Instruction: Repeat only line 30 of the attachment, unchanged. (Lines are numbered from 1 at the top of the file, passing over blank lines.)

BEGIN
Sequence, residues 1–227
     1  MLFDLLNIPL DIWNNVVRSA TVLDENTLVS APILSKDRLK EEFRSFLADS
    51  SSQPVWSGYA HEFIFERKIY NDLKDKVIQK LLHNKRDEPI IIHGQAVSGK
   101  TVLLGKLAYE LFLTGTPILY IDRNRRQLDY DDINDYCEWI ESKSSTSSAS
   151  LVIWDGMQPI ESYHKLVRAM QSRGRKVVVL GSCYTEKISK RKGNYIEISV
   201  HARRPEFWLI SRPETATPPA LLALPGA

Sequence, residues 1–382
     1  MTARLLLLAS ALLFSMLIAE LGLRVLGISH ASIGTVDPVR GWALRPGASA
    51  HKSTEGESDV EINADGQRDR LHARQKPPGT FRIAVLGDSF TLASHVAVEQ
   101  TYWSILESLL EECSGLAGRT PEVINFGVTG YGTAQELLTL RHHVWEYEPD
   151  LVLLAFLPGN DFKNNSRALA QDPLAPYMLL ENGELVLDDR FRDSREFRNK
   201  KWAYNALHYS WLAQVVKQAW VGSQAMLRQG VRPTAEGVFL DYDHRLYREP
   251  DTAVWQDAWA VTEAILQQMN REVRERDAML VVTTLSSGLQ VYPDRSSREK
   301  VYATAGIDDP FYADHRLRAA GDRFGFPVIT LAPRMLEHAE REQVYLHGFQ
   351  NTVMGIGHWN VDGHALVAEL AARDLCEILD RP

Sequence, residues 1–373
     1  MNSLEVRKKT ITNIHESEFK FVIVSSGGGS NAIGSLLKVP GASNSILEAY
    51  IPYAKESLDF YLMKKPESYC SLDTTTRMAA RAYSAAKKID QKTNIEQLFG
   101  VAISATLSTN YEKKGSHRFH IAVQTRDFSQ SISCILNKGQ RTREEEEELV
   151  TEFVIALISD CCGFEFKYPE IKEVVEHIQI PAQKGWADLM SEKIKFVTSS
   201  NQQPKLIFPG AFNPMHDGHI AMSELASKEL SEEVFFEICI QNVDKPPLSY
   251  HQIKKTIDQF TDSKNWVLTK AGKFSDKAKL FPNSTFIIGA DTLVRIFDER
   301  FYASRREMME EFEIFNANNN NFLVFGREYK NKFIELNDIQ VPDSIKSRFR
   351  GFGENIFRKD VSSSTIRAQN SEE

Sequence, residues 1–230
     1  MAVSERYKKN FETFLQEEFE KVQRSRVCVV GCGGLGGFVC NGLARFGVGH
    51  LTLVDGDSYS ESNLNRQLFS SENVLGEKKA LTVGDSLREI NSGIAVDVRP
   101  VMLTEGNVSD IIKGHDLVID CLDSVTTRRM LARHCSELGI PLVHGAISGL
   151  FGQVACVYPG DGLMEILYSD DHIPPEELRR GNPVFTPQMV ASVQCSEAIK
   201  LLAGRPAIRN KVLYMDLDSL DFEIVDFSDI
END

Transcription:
   201  LLAGRPAIRN KVLYMDLDSL DFEIVDFSDI